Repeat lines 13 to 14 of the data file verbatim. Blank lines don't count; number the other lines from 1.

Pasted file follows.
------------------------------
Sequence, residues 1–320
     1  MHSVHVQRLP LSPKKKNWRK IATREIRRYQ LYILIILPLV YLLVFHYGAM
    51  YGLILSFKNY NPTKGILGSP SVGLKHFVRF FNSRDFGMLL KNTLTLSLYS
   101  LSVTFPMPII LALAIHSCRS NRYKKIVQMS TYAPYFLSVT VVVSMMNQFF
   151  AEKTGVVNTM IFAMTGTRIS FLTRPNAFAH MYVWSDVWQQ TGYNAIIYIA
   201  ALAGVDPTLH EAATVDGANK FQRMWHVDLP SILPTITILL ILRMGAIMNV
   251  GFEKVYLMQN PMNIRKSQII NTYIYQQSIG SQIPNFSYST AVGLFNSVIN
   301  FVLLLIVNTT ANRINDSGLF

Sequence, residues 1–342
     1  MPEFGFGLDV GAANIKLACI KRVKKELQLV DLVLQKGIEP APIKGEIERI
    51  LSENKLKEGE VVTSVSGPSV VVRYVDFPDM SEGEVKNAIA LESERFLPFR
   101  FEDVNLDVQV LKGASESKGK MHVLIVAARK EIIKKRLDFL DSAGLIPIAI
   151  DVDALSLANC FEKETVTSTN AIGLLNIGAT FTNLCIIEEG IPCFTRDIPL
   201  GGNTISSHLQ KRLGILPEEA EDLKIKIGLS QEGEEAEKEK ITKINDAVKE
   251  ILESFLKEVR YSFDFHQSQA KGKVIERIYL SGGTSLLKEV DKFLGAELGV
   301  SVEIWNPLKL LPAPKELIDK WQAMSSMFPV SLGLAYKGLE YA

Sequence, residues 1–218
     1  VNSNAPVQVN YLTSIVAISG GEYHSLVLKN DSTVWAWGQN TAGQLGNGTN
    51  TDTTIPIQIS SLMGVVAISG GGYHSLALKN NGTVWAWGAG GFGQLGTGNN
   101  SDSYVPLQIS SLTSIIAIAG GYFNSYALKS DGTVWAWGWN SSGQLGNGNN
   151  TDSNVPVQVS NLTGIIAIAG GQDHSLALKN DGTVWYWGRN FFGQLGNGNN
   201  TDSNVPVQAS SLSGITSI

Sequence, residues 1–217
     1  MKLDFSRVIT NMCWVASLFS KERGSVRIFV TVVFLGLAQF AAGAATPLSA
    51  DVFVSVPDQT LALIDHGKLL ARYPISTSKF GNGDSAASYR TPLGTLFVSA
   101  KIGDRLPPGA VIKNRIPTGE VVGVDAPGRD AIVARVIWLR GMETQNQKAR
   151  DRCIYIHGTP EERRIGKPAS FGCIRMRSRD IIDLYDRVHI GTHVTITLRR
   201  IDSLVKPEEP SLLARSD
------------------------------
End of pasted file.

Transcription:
   151  DVDALSLANC FEKETVTSTN AIGLLNIGAT FTNLCIIEEG IPCFTRDIPL
   201  GGNTISSHLQ KRLGILPEEA EDLKIKIGLS QEGEEAEKEK ITKINDAVKE